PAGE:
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Germany

Germany

ENERGY TAX COULD END DEADLOCK

German utilities are warming to the idea of an energy tax. Pressured by the Electricity Feed Law (EFL), which obliges utilities to buy wind power at a premium price, they are beginning to see that dividends from such a tax could be used to compensate them for the steady growth in payments flowing to wind turbine operaters.

The softening in utility attitudes emerged behind the scenes at the Husum wind energy congress last month. One of the biggest sessions, attracting around 300 delegates, was a major debate on the EFL. All were anxious to know in which direction the thoughts of the major players were moving now that the storm created by the utilities earlier this year, when they tried to undermine the law, has calmed to a stiff breeze.

Claus Möller, Schleswig-Holstein's minister of finance and energy, made it clear that he feels introduction of the EFL was a sensible reaction to the political decision to reduce CO2 emissions in Germany by 25% by the year 2005 compared with levels in 1987. "However this is not to say that there may not be other possible routes to the same end," he added. He insisted that the hardship clause in the EFL should be defined more precisely. This would stop utilities in windy areas moaning about the burden of having to buy wind at EFL rates and give them a means to pass on the costs to the usually much larger utility from which they draw most of their electricity.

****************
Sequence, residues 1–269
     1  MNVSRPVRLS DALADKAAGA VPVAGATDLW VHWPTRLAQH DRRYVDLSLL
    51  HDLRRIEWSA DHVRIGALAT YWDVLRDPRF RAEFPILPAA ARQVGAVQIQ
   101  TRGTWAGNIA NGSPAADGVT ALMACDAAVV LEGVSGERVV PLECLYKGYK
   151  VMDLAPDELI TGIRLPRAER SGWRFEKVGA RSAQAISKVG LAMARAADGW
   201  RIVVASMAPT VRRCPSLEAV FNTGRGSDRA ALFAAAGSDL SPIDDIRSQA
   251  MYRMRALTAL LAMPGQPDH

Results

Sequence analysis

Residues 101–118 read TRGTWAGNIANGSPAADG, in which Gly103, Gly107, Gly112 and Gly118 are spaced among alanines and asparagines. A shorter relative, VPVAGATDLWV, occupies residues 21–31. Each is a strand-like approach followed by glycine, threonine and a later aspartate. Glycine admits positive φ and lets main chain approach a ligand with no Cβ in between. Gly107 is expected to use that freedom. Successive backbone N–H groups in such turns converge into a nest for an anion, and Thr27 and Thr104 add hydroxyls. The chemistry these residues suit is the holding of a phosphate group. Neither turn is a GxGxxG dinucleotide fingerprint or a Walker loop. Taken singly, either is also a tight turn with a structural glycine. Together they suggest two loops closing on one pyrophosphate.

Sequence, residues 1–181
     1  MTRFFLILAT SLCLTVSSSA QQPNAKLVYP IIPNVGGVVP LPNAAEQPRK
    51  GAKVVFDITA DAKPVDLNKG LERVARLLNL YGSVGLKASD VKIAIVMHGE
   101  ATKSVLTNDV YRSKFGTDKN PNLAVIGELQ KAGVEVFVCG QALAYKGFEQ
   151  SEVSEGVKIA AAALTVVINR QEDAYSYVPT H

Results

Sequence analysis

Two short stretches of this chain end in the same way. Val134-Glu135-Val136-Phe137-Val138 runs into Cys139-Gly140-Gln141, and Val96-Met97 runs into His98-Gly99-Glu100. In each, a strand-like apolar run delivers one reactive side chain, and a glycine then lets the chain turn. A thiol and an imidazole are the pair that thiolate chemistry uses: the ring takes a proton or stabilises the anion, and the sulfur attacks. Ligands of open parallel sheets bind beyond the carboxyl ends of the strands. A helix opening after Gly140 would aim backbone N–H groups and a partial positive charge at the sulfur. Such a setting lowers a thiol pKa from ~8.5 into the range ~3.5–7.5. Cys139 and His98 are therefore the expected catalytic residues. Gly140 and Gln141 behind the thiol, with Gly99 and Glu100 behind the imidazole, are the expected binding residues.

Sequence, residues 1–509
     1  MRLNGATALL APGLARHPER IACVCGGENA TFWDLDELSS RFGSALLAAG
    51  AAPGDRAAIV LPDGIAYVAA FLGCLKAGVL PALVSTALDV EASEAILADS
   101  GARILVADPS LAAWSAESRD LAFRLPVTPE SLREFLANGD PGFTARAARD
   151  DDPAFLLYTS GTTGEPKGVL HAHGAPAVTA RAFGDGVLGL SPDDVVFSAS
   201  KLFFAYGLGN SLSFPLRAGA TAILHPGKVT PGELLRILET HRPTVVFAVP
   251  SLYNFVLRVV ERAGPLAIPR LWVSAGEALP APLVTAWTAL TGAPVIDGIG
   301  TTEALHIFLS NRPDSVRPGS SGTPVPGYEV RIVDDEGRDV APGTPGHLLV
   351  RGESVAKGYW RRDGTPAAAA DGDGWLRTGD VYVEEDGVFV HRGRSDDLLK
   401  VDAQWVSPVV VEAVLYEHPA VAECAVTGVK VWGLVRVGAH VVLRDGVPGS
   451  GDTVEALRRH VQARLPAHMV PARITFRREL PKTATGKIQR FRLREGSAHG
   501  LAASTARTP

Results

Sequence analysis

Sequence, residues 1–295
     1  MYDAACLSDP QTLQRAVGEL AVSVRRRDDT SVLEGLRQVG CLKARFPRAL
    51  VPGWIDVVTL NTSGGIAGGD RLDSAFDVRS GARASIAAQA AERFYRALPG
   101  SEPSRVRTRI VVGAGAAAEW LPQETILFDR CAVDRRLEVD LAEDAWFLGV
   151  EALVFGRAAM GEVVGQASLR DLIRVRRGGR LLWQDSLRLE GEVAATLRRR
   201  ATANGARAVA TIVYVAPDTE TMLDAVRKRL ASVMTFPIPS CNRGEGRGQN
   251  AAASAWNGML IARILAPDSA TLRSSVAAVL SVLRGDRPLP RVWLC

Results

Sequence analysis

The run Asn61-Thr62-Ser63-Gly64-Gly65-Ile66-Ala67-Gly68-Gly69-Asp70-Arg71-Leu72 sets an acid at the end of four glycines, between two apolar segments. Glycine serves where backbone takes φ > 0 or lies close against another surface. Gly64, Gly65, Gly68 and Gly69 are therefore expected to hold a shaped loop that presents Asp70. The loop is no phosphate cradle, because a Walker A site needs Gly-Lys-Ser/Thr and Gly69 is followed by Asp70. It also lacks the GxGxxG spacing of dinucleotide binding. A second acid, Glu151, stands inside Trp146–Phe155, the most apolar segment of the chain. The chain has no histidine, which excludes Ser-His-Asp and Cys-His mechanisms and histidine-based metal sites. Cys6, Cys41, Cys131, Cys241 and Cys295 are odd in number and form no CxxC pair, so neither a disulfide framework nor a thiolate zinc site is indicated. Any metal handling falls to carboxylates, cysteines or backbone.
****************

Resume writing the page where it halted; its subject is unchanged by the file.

Irrespective of Möller's opinion, Bernd Michael Zinow, representing the powerful utilities association, VDEW, stressed that he will continue to work towards having the EFL brought before the Federal Constitutional Court. Meantime, Karl-Heinrich Buhse, chairman of Schleswag utility, demanded: "The necessary subsidies for wind must be provided by the state." Schleswag is the utility most affected by the development of wind energy in Germany.

Notwithstanding this sharp demarcation of battle lines on the congress platform, behind the scenes a new mood of compromise was brewing. It seems that three years is the time span in which both sides hope to have hammered out a solution based on an energy tax. In the compromise being discussed, the EFL would continue in its present form.

Meantime, it looks as though the Federal Ministry for Economic Affairs will recommend that the EFL continues unchanged for another three years. It is currently examining the effects of the law over the first four years of its implementation -- too short a time period, it feels, on which to base major changes.

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